The design of the OnePlus 10 Pro seems to have divided the OnePlus fan base. Some like it while others are not too fond of a chunky camera module. We received the Emerald Green colour option for this review and it looks and feels great in the hand. The profile is similar to the OnePlus 9 Pro but it weighs a little bit more on paper. However, the weight distribution is balanced so it feels comfortable to hold in the hand and the ergonomics are on point.
The back of the phone has a soft matte finish that isn’t friendly to either fingerprints or smudges. The front and the back panels have been reinforced with Gorilla Glass Victus and Gorilla Glass 5 respectively for added protection. As for the IP rating, the OnePlus 10 Pro does not come with an IP certification in India, unlike the American variant. When asked, OnePlus told us that the phone has all the necessary protections, but hasn't been IP certified.
The OnePlus 10 Pro is a great smartphone, there are no two ways about it. It’s got a gorgeous display that facilitates a superb viewing experience, performance chops that rival the top flagship phones, a long-lasting efficient battery life that can refill in around half an hour and support for super-fast charging in case you end up at low power levels before the end of the day. All of this is neatly packed in a slim and lightweight profile that looks unique and can withstand daily wear and tear. The Hasselblad cameras don’t bring much to the table this time but you can still create great pictures from the main and telephoto cameras. On the other hand, the signature OnePlus experience that these phones were known for has its presence felt throughout the phone but isn’t fully there due to the codebase merger between OxygenOS and ColorOS.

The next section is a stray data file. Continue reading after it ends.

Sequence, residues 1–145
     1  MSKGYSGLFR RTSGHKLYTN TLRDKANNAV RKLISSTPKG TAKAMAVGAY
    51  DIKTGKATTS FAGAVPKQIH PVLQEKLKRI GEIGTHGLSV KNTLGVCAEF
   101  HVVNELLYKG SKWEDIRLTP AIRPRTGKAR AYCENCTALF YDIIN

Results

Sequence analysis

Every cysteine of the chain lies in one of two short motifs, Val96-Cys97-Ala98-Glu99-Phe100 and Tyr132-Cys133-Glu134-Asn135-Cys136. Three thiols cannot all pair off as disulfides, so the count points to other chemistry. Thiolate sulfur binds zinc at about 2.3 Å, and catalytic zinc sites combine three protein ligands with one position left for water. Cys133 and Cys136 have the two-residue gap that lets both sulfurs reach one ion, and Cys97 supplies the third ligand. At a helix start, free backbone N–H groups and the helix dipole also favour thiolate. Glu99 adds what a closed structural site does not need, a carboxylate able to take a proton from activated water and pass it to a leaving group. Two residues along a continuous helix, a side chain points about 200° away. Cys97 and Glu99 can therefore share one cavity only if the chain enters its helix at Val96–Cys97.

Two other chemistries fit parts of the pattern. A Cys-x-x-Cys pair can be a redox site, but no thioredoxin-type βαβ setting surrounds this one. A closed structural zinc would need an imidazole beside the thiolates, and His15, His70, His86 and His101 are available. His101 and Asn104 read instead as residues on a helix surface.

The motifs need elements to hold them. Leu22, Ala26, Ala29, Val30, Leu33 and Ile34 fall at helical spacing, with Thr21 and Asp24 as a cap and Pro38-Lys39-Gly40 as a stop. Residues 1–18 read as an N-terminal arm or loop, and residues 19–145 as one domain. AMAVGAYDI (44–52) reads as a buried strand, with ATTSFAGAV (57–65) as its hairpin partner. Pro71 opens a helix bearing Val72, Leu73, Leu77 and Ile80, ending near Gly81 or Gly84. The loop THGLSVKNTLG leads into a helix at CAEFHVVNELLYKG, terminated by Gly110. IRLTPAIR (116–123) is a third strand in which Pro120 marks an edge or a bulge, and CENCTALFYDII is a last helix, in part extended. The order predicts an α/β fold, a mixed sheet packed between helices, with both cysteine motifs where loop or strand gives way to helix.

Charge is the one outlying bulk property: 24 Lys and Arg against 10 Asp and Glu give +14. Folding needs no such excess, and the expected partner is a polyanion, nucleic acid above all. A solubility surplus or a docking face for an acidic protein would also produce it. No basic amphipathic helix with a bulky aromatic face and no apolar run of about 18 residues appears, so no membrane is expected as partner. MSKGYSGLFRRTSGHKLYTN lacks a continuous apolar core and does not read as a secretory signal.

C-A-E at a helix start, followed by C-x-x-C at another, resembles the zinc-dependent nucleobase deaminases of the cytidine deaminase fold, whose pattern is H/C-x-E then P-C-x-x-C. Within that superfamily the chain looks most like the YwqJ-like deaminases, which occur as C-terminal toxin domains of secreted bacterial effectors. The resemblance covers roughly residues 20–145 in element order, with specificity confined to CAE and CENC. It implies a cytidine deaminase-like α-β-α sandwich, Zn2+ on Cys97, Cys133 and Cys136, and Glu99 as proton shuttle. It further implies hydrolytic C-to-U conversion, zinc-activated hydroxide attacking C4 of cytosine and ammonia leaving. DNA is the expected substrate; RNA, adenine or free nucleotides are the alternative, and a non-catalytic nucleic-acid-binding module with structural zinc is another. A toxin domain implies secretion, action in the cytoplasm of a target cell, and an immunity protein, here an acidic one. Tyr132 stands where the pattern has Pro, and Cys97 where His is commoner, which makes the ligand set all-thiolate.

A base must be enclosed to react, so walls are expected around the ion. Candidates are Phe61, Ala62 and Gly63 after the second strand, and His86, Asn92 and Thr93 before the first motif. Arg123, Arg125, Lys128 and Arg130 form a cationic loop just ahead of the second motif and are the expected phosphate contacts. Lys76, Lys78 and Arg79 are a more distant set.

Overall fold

Now, to the question of who should buy this phone? If you are someone who owns a OnePlus phone going back to the OnePlus 7T Pro, this phone is just the right kind of upgrade that you need in your life. But if you want to buy it for the cameras, save some bucks and get the OnePlus 9 Pro instead.
|Release Date:||31 Mar 2022|
|Variant:||128 GB/8 GB RAM , 256 GB/12 GB RAM|